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Politics and Government

Lawmakers come closer to budget agreement

Legislative leaders say they are working together and are close to a budget agreement, after last week's blow up that left the Senate and Assembly leaders negotiating separately with Gov. Andrew Cuomo.

The legislative leaders, following a two-hour, closed-door meeting with the governor, seemed in high spirits. Senate Republican Leader Dean Skelos gave his oftentimes rival Assembly Speaker Sheldon Silver a hug.

“Look how much I love Shelly,” Skelos said with a laugh.

The mood was in contrast to the last meeting when Skelos stormed out, claiming he was annoyed and frustrated by what he called “another branch of government."

Silver jokingly explained away that argument.

“He was talking about the judiciary the other day as the other branch of government,” Silver quipped.

As often happens when the top lawmakers are close to forging a deal, they offered few details, other than to say they are working on coming up with additional money to fund pre-kindergarten and other school aid, as well as helping charter schools.

Silver and Senate Co-Leader Jeff Klein were asked if they were still advocating for different amounts of money to finance universal access to pre-K. The Senate added $540 million to the governor’s plan of spending $100 million for the first year of a five-year phase in plan.

“We’re looking forward to having a fully funded universal pre-K program in the state of New York,” Klein said.  

Cuomo, speaking briefly to reporters after a visit to Syracuse later in the day, says while the exact figure has not yet been decided, he predicts there will be enough money to fund pre-K for any school district that wants it and has a program ready.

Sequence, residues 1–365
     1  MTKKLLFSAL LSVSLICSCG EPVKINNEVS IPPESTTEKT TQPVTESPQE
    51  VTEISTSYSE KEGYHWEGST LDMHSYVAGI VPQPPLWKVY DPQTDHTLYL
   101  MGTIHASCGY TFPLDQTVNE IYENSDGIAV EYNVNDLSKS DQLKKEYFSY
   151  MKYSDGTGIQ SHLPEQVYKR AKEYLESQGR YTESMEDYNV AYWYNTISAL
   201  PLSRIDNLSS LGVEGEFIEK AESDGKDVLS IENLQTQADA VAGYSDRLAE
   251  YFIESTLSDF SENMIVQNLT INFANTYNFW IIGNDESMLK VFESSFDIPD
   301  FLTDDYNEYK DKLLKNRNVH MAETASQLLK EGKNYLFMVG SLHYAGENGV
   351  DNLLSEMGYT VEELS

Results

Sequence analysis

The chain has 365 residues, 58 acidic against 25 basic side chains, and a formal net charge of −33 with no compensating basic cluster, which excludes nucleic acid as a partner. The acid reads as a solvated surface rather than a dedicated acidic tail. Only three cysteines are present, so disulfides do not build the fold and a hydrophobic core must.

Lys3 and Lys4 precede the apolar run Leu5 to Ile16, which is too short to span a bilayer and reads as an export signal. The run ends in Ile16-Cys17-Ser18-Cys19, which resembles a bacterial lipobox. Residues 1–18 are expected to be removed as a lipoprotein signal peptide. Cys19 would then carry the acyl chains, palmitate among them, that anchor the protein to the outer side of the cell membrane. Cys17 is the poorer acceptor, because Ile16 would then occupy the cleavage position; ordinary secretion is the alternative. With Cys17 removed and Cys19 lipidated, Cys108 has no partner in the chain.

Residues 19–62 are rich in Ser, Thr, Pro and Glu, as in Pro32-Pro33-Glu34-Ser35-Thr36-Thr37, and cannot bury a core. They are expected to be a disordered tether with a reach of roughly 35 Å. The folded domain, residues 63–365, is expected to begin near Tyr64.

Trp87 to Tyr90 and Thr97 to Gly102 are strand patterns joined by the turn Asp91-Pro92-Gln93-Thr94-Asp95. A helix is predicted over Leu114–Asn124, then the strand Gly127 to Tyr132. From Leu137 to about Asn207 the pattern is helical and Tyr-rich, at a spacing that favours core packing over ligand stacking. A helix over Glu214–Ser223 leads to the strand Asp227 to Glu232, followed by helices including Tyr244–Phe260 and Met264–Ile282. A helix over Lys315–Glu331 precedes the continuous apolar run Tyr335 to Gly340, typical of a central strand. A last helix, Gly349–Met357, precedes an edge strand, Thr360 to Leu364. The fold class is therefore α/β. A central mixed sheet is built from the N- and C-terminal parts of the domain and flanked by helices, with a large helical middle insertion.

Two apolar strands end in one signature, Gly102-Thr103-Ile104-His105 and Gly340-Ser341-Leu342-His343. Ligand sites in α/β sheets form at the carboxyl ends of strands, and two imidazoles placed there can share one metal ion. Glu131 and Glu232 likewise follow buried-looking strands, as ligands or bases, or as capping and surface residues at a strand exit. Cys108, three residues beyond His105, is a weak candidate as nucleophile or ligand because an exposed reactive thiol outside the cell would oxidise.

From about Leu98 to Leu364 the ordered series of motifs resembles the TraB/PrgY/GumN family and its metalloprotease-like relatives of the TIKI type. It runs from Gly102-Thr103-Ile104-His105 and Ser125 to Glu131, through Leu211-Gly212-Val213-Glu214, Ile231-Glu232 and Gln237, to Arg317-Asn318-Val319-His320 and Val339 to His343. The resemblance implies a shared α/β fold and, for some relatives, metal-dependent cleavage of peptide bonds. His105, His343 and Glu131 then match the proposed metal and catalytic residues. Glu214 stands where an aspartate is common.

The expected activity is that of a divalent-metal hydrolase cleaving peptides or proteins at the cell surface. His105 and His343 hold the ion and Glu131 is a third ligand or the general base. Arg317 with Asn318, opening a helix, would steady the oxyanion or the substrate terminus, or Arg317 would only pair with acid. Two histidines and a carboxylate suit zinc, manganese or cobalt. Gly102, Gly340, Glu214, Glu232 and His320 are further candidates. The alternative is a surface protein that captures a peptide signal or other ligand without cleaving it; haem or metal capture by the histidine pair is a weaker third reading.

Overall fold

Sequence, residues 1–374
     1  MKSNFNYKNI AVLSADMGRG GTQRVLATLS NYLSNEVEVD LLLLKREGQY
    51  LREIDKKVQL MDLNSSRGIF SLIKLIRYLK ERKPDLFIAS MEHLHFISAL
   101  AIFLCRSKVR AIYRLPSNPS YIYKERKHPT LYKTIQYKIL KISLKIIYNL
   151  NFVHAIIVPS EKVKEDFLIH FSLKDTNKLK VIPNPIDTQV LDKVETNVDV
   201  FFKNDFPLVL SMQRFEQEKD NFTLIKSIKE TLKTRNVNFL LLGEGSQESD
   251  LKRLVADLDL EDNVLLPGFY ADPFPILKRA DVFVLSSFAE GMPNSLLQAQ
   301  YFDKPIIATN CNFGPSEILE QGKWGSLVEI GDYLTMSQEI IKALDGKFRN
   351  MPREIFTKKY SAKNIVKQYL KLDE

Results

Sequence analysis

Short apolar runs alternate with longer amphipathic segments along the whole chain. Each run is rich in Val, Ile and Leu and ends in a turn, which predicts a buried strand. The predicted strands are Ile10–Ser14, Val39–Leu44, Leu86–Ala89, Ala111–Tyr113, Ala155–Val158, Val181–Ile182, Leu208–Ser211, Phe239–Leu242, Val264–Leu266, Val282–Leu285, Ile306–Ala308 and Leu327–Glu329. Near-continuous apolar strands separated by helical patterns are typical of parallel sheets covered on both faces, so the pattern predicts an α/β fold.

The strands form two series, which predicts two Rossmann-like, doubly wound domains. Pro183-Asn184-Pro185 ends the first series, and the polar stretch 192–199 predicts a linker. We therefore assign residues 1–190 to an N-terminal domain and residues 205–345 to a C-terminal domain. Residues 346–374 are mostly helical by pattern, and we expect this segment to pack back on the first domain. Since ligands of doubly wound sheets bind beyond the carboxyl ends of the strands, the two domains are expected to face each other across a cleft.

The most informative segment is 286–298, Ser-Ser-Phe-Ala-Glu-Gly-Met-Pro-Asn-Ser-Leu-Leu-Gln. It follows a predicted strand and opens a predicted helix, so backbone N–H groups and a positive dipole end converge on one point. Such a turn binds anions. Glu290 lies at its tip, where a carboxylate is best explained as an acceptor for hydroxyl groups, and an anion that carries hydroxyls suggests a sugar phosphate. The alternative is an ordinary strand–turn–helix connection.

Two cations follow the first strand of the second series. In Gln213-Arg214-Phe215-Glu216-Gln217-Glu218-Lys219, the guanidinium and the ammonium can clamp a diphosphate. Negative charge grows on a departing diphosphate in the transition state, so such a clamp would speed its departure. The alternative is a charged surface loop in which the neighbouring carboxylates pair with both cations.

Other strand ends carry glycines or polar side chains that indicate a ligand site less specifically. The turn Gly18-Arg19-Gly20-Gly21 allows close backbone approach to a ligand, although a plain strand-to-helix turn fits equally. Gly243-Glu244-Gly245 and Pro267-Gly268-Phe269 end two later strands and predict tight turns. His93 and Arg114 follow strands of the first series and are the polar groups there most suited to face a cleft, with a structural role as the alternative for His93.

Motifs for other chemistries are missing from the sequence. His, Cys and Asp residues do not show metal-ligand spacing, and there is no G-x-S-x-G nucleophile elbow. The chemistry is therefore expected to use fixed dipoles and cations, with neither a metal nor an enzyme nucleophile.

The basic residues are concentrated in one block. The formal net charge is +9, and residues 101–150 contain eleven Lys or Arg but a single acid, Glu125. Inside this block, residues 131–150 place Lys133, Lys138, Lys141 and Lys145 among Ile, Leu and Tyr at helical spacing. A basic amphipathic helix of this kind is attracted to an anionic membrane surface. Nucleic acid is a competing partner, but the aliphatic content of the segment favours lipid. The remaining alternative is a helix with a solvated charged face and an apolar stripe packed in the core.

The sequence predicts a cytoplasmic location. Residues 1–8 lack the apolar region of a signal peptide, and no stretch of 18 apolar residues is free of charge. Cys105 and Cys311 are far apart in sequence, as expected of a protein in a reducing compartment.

“Then we’ll find out how quickly the local governments can actually move,” said Cuomo, who predicts New York City Mayor Bill de Blasio will get the $300 million dollars he has requested, if it can be demonstrated that the pre-K program is ready by next September.   

Even items that were said to be previously off the table are apparently back on, including the Dream Act, which would offer state funded tuition aid for the children of undocumented immigrants.

Skelos has been an opponent of a state funded Dream Act. Nearly all of the Senate Republicans voted against the measure when it came up for a vote in the chamber earlier this month. Silver says there’s been no determination yet on whether the Dream Act will be part of the budget.

Another issue the Senate GOP has not been in favor of in the past - publicly financed political campaigns - has also come up, Skelos and Silver say.

“Everything is being discussed,” Skelos said.

“We’re all drawing no lines in the sand,” Silver said.

The news that public campaign financing is still alive in budget talks heartened members of the Fair Elections for New York coalition, who have been pushing for the state to adopt a matching donor system already in place in New York City.

“That’s a complete turn around for the Senate Republicans,” said Jessica Wisneski with Citizen Action.

She says now it’s up to Cuomo to make sure public financing ends up in the final budget.

“Can he clean up Albany?” Wisneski asked. “Everything is lined up for him to do so.”

The legislative leaders also talked about the governor's multi-step plan to freeze property taxes. But in a sign that an agreement has not been reached, Cuomo was in Syracuse to promote his plan, saying he needs average New Yorkers to lobby their lawmakers to sign on to his proposal.

“I need the people to make their voice heard,” Cuomo said.

Cuomo says he’s cautiously optimistic that his property tax freeze plan will become a part of the final budget.

The budget deadline is March 31.